Photos and more photos ft. Normandy

November 23, 2014 § Leave a comment

I’ll say this: there are special places and they’re obvious. They’re storybook. They’re historical. And you’re lucky, really, to enter it. To eat it. I kept a food log during my time in Grandcamp-Maisy, in northwestern France. Those entries speak louder, more clearly, more articulate of how it was waking up and sleeping and just being there than the photographs do. Regardless, I took these. I look at them. Voilà.

Processed with VSCOcam with a6 presetProcessed with VSCOcam with a6 preset

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What Happens These Mornings

November 14, 2014 § Leave a comment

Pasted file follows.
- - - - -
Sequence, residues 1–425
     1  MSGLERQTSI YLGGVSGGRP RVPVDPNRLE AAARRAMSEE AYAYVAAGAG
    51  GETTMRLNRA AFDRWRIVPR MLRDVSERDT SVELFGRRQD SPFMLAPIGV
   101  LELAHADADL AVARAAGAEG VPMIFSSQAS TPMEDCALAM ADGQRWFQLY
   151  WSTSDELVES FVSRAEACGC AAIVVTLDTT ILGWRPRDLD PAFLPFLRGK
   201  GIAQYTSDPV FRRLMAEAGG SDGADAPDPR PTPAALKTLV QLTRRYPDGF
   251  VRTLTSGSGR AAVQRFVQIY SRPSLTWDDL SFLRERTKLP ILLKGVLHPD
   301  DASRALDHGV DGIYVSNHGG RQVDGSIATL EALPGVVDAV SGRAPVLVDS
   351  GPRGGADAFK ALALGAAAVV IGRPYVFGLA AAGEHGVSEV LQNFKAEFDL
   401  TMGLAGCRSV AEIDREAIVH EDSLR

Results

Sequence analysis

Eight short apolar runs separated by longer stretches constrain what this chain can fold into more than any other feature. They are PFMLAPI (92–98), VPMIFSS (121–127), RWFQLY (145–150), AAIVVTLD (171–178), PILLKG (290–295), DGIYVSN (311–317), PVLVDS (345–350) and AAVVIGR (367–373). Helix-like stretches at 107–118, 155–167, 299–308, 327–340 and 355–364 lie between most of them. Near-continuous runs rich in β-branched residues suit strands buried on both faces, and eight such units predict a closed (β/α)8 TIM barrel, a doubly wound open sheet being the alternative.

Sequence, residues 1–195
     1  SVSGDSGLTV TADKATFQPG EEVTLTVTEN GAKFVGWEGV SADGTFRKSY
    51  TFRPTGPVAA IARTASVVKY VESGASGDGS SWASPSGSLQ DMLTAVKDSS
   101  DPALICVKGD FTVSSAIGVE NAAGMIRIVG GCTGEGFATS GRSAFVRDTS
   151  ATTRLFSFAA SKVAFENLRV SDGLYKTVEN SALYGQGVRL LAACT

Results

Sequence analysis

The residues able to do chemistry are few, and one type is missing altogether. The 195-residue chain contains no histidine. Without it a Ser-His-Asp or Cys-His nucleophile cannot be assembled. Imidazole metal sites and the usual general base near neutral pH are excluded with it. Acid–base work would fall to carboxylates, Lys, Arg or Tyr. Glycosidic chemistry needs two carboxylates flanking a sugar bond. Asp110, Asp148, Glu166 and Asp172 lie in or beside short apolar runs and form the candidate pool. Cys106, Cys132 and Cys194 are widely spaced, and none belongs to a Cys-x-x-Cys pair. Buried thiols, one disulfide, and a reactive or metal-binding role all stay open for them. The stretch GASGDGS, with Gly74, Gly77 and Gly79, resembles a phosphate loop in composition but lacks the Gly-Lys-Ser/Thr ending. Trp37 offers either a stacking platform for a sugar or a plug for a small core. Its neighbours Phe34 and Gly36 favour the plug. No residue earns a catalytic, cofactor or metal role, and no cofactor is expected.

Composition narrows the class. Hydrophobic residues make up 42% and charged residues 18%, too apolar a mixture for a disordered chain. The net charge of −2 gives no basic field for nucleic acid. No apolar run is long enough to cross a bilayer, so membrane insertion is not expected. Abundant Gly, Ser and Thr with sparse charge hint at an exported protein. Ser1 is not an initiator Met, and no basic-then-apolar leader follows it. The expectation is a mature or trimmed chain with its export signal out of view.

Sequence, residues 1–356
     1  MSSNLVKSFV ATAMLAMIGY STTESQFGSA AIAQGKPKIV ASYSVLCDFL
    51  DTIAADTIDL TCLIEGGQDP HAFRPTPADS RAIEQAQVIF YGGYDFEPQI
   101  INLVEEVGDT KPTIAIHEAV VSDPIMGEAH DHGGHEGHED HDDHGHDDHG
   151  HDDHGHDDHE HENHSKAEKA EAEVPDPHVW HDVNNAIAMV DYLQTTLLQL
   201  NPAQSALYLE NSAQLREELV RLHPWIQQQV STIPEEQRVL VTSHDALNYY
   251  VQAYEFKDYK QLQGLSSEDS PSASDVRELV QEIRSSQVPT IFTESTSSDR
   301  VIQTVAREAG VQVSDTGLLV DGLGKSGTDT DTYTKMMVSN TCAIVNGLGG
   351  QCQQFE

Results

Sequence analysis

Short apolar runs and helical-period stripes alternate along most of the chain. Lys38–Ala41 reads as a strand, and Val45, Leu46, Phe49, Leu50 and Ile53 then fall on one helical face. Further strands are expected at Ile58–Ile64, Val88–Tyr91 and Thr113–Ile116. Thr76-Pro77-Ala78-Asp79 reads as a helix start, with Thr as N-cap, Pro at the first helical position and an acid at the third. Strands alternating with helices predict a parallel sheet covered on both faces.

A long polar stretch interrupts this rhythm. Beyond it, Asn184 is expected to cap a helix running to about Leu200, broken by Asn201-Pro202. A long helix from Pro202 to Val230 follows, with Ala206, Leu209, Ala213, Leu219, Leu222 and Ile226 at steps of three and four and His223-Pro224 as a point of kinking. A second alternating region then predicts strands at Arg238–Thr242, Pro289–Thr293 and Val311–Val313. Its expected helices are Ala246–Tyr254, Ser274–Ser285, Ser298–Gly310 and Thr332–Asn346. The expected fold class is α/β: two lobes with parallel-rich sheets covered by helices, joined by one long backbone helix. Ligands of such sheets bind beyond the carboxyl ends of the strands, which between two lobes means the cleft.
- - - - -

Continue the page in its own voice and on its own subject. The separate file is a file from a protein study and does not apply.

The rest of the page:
I wake up and it’s pink. The sun rises in Normandy in jewel tones. No lie. Or at least it does on the mornings I stop and notice it. Like a cartoon character, I wear one outfit: white crewneck t-shirt, black v-neck sweater, boyfriend jeans, a beige cable knit wool sweater of unknown origin (from a thrift store in The Isle of Mull), work boots, a watch. I read a poem from a particle blue book. I eat breakfast which is a third of a baguette with butter and a homemade jam (rhubarb, raspberry, peach, red-plum, blackberry, snozberry) , black coffee, and one glass of raw, unpasteurized milk. I chat with the sixty-four year old woman who lets me live in her house and work for her. After breakfast, I open the door to the chicken (and two ducks) coop, where they fly out without flying. They’re loud. Then I do the same thing, but on a separate part of the property. I walk past the Billy goat named Bebe, through a series of wooden gates, past the vegetable garden, past four apple trees, past a green lawn surrounded by trimmed hedges (like every fairy tale I ever wanted), and I let two geese out of their home. They are also loud. There is a donkey in a field and donkey’s are gorgeous which is a thing I didn’t know. On Monday, it pressed its giant donkey head against a crumbling stonewall and stayed there for a long, long time. Which was both depressing and adorable. I pick the apples that have fallen overnight. I walk to the stable and climb a pile of logs and throw them down near a wheelbarrow. I do this one at a time because my arms are pretty weak and also because this motion, the selecting and throwing the logs, is beyond therapeutic. I wheelbarrow the wood to the house and I feed them to a cobalt-blue enamel wood-burning stove. If you think it’s impossible for a human to love a stove, you’re mistaken. It’s a really pretty stove. And then I do whatever needs to be done, which varies. There is no such thing as clean fingernails in my narrative now.  And the day goes on and eventually I’m in the parlor reading or I’m running on the shore of a famous part of the coast or I’m listening to someone incredibly generous talk to me about her children, fabric, fisherman or I’m making tea or I’m staring at the stove. And it’s very, very nice.

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